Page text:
Currency is fascinating for many reasons.
I personally enjoy many types of
During the mid 1970s one particular currency item capitvated my attention – double denomination notes.
For those who are not aware, a double denomination note is a printing error resulting in the front of the note becoming one denomination and the reverse a different denomination. This error comes in many variations.
Heritage Currency Auction #3520, Lot #16652
Dr. Frederick J. Bart, in his book, United States Paper Money Errors: A Comprehensive Catalog & Price Guide, provides a detailed description of the error and how it occurs:
The double denomination note – with the face and back each representing a different value – happens in a rather simple manner. After a currency sheet receives the back printing of one denomination, the sheet enters the face and overprinting operations for another denomination. The confusion presumably arises during the transportation of the currency stock to the second printing stage, after a storage period subsequent to the first printing.
Depending on the orientation of the note, the error is either blatantly obvious or totally obscure to the viewer. When both sides of the notes are visible, as in turning a page in a book, the disparity of denominations is readily apparent. However, when one side is viewed independently no error shows, as each side is perfect unto itself.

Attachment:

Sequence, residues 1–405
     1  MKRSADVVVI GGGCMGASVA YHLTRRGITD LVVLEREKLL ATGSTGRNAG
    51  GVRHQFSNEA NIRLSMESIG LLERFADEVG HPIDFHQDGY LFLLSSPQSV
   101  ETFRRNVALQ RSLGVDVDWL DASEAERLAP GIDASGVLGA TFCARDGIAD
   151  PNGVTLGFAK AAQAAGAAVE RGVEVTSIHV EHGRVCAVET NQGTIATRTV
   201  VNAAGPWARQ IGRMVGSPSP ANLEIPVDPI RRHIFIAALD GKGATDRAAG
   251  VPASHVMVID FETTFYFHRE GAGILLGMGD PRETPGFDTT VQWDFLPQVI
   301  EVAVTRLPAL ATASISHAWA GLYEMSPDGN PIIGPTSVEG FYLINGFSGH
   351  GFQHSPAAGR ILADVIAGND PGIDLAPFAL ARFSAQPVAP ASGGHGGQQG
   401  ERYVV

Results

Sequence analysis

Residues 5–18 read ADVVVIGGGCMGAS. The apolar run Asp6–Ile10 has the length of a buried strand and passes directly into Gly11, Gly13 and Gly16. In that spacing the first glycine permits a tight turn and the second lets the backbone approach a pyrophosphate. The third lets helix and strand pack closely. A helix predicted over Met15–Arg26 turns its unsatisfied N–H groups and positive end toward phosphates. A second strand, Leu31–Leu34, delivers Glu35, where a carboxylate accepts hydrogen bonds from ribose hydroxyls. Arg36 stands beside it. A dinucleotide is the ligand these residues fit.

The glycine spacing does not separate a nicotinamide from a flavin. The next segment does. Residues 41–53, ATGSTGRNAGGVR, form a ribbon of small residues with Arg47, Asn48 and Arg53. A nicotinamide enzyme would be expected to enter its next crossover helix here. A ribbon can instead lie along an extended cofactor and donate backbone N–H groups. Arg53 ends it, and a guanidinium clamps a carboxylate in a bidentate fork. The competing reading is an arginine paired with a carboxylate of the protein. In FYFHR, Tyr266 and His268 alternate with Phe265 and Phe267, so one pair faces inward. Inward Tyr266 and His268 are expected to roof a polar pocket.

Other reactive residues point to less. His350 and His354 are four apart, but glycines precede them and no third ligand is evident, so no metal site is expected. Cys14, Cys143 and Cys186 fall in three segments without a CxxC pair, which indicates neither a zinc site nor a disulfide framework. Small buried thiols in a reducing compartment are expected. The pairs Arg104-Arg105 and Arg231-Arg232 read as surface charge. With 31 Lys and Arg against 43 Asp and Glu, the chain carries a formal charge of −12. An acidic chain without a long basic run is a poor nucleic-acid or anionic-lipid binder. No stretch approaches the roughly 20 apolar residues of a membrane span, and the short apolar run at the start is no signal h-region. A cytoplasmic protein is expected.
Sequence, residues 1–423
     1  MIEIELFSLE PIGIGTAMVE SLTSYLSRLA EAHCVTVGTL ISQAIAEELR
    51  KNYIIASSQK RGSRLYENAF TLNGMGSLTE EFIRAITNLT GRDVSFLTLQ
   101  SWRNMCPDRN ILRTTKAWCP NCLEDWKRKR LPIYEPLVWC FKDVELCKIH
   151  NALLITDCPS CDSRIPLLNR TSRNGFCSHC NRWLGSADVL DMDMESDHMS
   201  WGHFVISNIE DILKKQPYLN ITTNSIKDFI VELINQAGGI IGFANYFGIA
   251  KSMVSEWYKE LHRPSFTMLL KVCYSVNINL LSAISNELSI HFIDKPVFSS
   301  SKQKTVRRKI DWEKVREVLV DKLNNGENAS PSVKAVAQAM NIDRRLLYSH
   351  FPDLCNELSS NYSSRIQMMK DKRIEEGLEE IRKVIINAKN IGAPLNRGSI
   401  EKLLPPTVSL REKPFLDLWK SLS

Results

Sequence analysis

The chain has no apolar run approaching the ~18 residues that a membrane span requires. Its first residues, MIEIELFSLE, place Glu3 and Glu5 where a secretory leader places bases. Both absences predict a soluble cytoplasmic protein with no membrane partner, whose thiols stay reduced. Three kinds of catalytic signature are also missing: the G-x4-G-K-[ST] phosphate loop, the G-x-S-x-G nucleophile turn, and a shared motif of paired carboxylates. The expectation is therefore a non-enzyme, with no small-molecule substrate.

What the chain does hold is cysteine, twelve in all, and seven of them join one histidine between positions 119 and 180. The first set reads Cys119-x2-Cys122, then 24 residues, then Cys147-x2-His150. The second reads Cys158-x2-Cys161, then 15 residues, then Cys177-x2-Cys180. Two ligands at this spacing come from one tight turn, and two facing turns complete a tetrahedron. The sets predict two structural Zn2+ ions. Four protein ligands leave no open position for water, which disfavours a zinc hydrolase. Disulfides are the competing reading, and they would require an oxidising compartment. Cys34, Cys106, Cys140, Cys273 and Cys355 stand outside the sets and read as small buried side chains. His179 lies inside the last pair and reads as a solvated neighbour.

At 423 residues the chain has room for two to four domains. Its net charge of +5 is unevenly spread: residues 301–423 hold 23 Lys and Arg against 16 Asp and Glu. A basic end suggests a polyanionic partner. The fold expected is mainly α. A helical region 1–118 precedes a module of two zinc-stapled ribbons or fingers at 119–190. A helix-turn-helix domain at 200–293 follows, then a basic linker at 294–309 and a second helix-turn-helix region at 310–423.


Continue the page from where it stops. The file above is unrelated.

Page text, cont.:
The double denomination error is rare, particularly for small size currency. Dr. Bart estimates about 200 examples of small size double denomination notes are known to exist.
I was particularly fond of the 1934 Federal Reserve Note $5/$10 variety, in XF/AU or higher grade.
Now, in the 1970s, when I first began to buy and sell double denomination notes, I paid around $2,500 per note. These currency errors were fun to search for and a delight to display. Collectors loved them and examples sold quickly, in my store or at coin shows.
I continued to buy and sell double denomination notes until their wholesale cost reached about $4,000. Because they were getting pretty expensive and rather hard to find, I turned my focus to other things numismatic.
If we look at current auction records, we learn these notes are still popular. In October 2012, Heritage auctioned a note similar to those I bought and sold for $15,275. This note is pictured above.